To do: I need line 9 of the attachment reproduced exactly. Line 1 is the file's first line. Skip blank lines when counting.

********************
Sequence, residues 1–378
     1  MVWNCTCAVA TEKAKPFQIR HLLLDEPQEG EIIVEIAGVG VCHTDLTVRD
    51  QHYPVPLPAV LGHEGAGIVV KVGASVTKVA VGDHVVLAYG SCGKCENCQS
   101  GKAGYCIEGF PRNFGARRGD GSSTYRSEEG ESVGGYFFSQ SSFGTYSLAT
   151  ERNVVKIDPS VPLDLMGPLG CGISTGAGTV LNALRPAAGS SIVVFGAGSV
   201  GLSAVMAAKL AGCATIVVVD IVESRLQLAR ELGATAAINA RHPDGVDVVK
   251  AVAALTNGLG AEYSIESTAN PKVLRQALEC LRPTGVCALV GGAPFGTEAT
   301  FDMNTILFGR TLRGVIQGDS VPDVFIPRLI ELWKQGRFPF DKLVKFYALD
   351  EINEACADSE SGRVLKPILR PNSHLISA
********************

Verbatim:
   351  EINEACADSE SGRVLKPILR PNSHLISA